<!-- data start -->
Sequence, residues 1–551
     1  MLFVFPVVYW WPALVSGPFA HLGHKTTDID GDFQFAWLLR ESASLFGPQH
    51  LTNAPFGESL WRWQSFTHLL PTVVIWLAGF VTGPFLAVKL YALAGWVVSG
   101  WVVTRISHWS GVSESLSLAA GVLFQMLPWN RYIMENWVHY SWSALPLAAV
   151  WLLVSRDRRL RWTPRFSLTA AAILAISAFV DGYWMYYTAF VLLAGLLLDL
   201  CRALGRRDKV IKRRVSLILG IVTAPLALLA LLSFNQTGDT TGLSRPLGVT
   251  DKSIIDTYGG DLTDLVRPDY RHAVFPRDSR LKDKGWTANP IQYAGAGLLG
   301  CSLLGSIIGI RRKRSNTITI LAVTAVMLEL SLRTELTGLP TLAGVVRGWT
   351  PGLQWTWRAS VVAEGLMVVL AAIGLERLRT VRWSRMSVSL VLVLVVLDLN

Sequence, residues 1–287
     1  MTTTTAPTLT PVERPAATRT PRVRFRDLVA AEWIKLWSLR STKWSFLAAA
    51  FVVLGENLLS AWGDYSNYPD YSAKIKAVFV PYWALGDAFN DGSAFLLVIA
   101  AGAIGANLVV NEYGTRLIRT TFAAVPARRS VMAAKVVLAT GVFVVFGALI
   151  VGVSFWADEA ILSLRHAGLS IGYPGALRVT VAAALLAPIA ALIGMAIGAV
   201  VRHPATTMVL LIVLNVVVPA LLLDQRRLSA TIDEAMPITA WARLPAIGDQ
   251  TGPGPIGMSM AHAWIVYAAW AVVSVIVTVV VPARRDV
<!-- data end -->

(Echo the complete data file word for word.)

Sequence, residues 1–551
     1  MLFVFPVVYW WPALVSGPFA HLGHKTTDID GDFQFAWLLR ESASLFGPQH
    51  LTNAPFGESL WRWQSFTHLL PTVVIWLAGF VTGPFLAVKL YALAGWVVSG
   101  WVVTRISHWS GVSESLSLAA GVLFQMLPWN RYIMENWVHY SWSALPLAAV
   151  WLLVSRDRRL RWTPRFSLTA AAILAISAFV DGYWMYYTAF VLLAGLLLDL
   201  CRALGRRDKV IKRRVSLILG IVTAPLALLA LLSFNQTGDT TGLSRPLGVT
   251  DKSIIDTYGG DLTDLVRPDY RHAVFPRDSR LKDKGWTANP IQYAGAGLLG
   301  CSLLGSIIGI RRKRSNTITI LAVTAVMLEL SLRTELTGLP TLAGVVRGWT
   351  PGLQWTWRAS VVAEGLMVVL AAIGLERLRT VRWSRMSVSL VLVLVVLDLN

Sequence, residues 1–287
     1  MTTTTAPTLT PVERPAATRT PRVRFRDLVA AEWIKLWSLR STKWSFLAAA
    51  FVVLGENLLS AWGDYSNYPD YSAKIKAVFV PYWALGDAFN DGSAFLLVIA
   101  AGAIGANLVV NEYGTRLIRT TFAAVPARRS VMAAKVVLAT GVFVVFGALI
   151  VGVSFWADEA ILSLRHAGLS IGYPGALRVT VAAALLAPIA ALIGMAIGAV
   201  VRHPATTMVL LIVLNVVVPA LLLDQRRLSA TIDEAMPITA WARLPAIGDQ
   251  TGPGPIGMSM AHAWIVYAAW AVVSVIVTVV VPARRDV